Size-dependent rates and Marcus-inverted region

Although the comparison between CR1 and CR2 for each QD sample already confirms a Marcus-inverted behavior, a more enticing demonstration would be to compile all the size-dependent CR1 and CR2 rates to generate the whole Marcus curve. Note that, however, unlike comparing CR1 and CR2 for each sample, an accurate comparison of CR1 or CR2 between different QD samples requires us to exclude all possible size-dependent factors other than the size-dependent driving force.

The first one is associated with the average number of molecules anchored onto each QD. This number varies from sample to sample and roughly scales with the QD-surface area43,47. A usual practice is to divide the measured rate by the average molecule number such as to obtain an “intrinsic” rate8,13,48. This correction is not straightforward because there is a large uncertainty associated with determination of the molecule number. Importantly, our current experimental design nicely avoids this issue. Under our experimental conditions, regardless of how many AZs are attached on each QD, ET from photoexcited AZs to QDs or HT from photoexcited QDs to AZs results in only one AZ cation on each QD for the following CR1 or CR2 processes. Therefore, the measured CR1 and CR2 rates do not need any further correction, enabling a more meaningful comparison of size-dependent rates.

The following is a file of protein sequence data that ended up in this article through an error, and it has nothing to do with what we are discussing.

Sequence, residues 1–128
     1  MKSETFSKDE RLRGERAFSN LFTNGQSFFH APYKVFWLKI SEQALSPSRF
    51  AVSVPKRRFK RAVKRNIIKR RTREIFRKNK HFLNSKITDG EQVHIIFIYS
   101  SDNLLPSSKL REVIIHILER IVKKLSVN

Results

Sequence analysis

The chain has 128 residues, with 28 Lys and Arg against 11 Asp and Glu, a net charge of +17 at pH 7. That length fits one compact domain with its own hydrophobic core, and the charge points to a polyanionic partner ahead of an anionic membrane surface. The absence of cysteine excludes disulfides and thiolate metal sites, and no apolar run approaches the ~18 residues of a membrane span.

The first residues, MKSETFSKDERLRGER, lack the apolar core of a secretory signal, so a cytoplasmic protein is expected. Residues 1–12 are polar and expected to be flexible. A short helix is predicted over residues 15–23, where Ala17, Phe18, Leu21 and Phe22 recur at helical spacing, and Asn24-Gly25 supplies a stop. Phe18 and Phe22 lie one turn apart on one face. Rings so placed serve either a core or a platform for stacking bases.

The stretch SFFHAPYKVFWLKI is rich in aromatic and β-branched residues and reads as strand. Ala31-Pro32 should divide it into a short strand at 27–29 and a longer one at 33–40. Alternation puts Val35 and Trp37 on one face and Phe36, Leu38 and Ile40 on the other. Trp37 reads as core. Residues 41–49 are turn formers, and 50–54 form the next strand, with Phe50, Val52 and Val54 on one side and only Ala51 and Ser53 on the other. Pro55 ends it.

The other QD size-dependent factor is the electronic coupling term (|V|2) in the Marcus equation. Specifically, according to previous studies on QDs, |V |2 is proportional to the charge probability density on the QD surface, which can be expressed as wavefunction squared at the surface (s|2)26,49,50,51. Smaller QDs should exhibit a higher |Ψs|2 because a stronger confinement effect should results in more wavefunction “leakage” on to the surfaces52. Since both CR-1 and CR-2 involve the electron in the CB of QDs, we calculate |Ψs|2 by treating the electron as a particle confined in a spherical well of a finite depth determined by the energy offset between the CB of wurtzite CdS and the LUMO of the ligand molecules using an effective mass approximation (EMA)26; see Supplementary Note 5 for details. This single-band EMA model was validated by comparing the computed size-dependent optical gaps to the experimental ones determined from the absorption spectra (Supplementary Fig. 8a). Their reasonable agreement indicates this simple model is sufficient to describe the energies and wavefunctions of the first quantized electron and hole states. As expected, the calculated |Ψs|2 rapidly increases with decreasing QD sizes (Supplementary Tables 3). The size dependence of |Ψs|2, and hence |V|2, has to be factored out in order to examine the driving force dependence of the charge transfer rates. Because |Ψs|2 depends upon the tunneling barrier (i.e., the offset between CdS CB and ligand LUMO), we examined the impact of the uncertainty of the barrier height on | Ψs |2. As compared in Supplementary Fig. 8b, variation of the offset by 0.5 eV does not lead to noticeable changes to the size-dependent amplitudes of | Ψs |2.